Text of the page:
OCTOBER 25, 1951
NEW YORK, Wednesday—I was in Washington for a few hours yesterday and attended a board meeting at Howard University. I have missed a great many of these meetings because in the past when they had been scheduled I was serving on the General Assembly or the Human Rights Commission. So when I found one that came two days before I was scheduled to sail for the new U.N. session in Paris I was anxious not to miss it.
I managed also in my short time in Washington a brief goodbye visit with my old friends, Mr. and Mrs. Adolph C. Miller, and a quick call at the State Department.
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Tuesday evening I went to Greenwich House's 50th anniversary dinner. This dinner, of course, was given in honor of Mrs. Mary Kingsbury Simkhovitch, who founded the Lower West Side settlement house in 1902 on Jones Street.
It was interesting to see the members of the board and staff and so many who have known Mrs. Simkhovitch and supported and developed the work of Greenwich House with her.
Because of Mrs. Simkhovitch's illness, her daughter accepted on her behalf the beautifully illuminated scroll that had been prepared for her. Her husband also came to hear the tributes paid his wife.
The last speaker reminded us of the fact that on this 50th anniversary it was necessary to raise $100,000, and that this dinner opened the campaign that would last during the next six weeks.
Greenwich House, of course, is one of the really valuable neighborhood houses that have become a part of the life of the people in various city districts. Mrs. Simkhovitch herself has said: "When Greenwich House opened in 1902 its main service was helping people to adjust to a new country. Today the House faces an even greater task in helping people to adjust to a new world."
The House has activities for all its neighbors, beginning with a child care center and ending with the over-60 Club. It operates a summer camp for young people not far from us in Dutchess County.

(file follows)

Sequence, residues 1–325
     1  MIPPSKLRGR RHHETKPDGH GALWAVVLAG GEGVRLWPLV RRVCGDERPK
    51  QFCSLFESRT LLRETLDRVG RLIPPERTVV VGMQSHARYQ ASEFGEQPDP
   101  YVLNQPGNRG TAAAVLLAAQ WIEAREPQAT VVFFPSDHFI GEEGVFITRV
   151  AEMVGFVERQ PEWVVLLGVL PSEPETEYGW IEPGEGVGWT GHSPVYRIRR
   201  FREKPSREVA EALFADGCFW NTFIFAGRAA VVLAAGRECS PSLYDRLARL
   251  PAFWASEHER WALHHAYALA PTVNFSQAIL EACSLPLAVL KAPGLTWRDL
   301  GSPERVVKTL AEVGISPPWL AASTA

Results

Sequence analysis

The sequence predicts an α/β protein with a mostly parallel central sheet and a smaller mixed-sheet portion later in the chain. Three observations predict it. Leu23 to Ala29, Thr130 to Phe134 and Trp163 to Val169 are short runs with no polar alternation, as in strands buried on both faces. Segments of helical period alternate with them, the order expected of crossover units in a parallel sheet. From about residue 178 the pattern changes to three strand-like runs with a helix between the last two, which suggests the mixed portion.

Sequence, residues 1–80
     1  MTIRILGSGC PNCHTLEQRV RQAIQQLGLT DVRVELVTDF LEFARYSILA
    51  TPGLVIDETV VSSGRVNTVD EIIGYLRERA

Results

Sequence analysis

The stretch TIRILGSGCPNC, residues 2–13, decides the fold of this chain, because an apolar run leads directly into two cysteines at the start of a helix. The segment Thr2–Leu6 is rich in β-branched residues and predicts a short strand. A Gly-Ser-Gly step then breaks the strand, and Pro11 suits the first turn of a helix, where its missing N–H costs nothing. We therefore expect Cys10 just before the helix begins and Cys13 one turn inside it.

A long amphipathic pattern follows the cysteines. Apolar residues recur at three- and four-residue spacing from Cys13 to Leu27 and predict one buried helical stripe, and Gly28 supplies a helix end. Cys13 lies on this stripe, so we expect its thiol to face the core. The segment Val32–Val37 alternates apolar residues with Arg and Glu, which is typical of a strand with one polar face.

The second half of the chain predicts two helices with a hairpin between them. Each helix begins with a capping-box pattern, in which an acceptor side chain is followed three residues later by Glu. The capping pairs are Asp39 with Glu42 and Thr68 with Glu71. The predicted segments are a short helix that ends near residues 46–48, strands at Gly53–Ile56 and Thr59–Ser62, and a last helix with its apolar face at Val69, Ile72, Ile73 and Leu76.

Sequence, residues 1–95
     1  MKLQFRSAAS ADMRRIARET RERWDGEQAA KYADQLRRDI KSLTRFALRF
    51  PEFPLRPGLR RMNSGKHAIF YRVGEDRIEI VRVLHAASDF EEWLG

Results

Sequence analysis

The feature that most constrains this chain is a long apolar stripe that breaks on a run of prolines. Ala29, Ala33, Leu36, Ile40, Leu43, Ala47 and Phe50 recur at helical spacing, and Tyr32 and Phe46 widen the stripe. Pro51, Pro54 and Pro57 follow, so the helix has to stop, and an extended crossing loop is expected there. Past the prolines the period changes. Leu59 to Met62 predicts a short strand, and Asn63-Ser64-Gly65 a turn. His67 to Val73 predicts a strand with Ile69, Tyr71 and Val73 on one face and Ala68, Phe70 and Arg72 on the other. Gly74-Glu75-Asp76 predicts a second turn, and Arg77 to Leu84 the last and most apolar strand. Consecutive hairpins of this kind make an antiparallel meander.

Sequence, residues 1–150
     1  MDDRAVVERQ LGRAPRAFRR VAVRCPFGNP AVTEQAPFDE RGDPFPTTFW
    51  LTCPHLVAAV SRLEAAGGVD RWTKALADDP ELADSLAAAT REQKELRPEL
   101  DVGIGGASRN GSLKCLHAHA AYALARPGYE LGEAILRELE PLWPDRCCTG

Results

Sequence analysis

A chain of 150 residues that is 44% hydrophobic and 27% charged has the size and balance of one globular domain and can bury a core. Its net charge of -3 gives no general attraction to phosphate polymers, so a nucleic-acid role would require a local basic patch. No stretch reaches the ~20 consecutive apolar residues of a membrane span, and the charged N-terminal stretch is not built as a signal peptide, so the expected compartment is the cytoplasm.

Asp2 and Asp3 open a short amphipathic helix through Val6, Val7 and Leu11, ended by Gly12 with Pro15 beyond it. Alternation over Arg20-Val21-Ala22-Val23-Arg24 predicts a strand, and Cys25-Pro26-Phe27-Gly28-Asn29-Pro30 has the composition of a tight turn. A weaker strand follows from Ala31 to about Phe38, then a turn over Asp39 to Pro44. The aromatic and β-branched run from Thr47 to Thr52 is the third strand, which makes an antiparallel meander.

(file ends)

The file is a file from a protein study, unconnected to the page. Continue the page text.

Those youngsters of the in-between years can work in the music school, in the pottery schools, in the children's art work shop or the theatre. And the Greenwich House Players do a good job of producing players who graduate into the professional world, even going to Broadway and Hollywood.
Of course, there are athletics of all kinds going on, and Gene Tunney, who was at the dinner, told us of the days when he got some of his fundamental boxing training in the old Jones Street house.
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We were told yesterday that because of the dock strike there is some question as to whether the U.S. delegation to the U.N. will be able to sail on Thursday. There is hope, however, that things will be sufficiently settled so the "America" can get off not later than Friday. I will be glad for the extra day, but as my family and friends come to say goodbye to me I fear they shall be weary if the strike lasts too long.
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There seems to be quite a collection of books just now dealing with the foibles of women, the difficulties of men, and their mutual understanding. One of these books, called, "You Can Start All Over" by Marjorie Roulston, is a guide for the widow and divorcee, and I must say in glancing through it as a widow and a grandmother I found some rather amusing and valuable hints. The very last chapter is on keeping up with your grandchildren—and that is a fascinating business!